Essays, Moral, Political and Economic, Issue 4

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Edinburgh University Press, 1998 - Political Science - 113 pages
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In this timely and important collection of recent writings by a leading commentator, Sir Samuel Brittan expounds an individualist vision of liberalism which welcomes some of the New Labour policy initiatives, but rejects its communitarian rhetoric as well as its authoritarian echoes on the Right. This vision forms the context in which a number of current issues are discussed: the globalisation of the economy, the future of state-provided welfare, and the control of inflation among them. Sir Samuel does not limit himself to critical analysis of the past and the future: he sets out an agenda for the future in which are combined idealism and realism, frequently invoking the spirit and thought of David Hume himself.

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In Defence of Individualism
How liberals differ and what they ought
Some Contractarian Thoughts

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About the author (1998)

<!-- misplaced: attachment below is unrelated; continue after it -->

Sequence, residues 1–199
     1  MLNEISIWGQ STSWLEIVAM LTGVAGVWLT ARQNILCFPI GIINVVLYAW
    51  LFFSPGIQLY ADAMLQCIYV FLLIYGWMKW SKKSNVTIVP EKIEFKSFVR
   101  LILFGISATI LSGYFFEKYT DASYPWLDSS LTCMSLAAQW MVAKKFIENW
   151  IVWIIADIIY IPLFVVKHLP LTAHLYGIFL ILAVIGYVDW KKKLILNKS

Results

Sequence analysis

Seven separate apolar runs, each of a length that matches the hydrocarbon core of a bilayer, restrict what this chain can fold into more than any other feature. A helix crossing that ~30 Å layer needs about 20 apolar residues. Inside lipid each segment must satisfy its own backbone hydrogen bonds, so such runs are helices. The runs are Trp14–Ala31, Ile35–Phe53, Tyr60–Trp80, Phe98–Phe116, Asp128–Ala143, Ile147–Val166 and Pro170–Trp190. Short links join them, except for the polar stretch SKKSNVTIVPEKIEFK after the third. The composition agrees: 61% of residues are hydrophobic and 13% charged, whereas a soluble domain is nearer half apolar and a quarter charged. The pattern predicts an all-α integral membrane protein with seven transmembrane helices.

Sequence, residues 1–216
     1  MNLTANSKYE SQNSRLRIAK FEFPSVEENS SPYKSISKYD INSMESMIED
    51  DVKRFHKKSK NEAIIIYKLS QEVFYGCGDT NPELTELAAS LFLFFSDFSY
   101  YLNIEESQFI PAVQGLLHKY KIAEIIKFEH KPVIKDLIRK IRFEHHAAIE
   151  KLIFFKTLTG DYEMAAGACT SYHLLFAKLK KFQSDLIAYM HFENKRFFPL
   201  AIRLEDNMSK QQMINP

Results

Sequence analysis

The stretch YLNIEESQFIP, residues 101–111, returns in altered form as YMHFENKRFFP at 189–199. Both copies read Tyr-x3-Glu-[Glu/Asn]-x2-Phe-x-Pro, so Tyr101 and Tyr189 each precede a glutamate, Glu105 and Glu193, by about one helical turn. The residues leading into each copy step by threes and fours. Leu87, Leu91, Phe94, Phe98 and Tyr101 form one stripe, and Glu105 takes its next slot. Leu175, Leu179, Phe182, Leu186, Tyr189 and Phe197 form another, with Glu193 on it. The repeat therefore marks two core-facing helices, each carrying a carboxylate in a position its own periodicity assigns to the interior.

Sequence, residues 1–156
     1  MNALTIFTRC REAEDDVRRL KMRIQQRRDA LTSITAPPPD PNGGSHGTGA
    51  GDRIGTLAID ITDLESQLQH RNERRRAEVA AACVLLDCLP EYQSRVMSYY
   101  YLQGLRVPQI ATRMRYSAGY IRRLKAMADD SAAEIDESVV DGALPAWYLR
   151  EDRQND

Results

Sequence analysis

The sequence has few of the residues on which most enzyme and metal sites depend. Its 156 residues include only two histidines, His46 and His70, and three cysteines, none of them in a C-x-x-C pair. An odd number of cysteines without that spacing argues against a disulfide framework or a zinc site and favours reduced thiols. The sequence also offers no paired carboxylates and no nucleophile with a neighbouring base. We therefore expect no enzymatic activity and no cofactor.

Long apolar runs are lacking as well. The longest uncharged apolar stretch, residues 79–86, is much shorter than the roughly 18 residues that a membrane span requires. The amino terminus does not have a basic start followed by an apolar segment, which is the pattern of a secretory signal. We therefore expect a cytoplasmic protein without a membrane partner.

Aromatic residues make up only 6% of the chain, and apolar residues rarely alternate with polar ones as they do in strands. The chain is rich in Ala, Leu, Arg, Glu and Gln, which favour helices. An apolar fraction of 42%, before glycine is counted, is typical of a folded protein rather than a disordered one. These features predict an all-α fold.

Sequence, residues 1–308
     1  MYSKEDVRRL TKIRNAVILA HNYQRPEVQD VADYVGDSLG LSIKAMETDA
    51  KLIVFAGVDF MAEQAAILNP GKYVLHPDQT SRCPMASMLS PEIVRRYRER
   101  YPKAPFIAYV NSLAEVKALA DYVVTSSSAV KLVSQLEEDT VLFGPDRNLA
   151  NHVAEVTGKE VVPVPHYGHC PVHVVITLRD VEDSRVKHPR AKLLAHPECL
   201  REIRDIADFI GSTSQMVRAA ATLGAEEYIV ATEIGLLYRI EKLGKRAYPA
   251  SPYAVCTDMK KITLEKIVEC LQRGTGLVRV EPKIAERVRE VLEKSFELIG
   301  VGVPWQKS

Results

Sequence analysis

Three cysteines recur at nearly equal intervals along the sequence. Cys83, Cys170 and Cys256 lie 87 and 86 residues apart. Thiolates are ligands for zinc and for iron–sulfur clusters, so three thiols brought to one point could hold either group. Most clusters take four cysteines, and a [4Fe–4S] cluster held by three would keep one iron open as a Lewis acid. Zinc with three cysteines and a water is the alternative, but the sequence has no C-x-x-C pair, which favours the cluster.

Sir Samuel Brittan is a columnist at the Financial Times, for which he has been writing since 1966. His most recent books include Capitalism With A Human Face and Essays, Moral, Political and Economic. He is an Honorary Fellow of Jesus College, Cambridge; an Hon and has been visiting Professor at the Chicago Law School, a Visiting Fellow of Nuffield College, Oxford and an Honorary Professor of Politics at Warwick. He has been awarded the George Orwell, Senior Harold Wincott and Ludwig Erhard prizes and was a member of the Peacock Committee on the Finance of the BBC (1985-86). He was knighted in 1993 for "services to economic journalism" and also became that year a Chevalier de la Legion d'Honneur.

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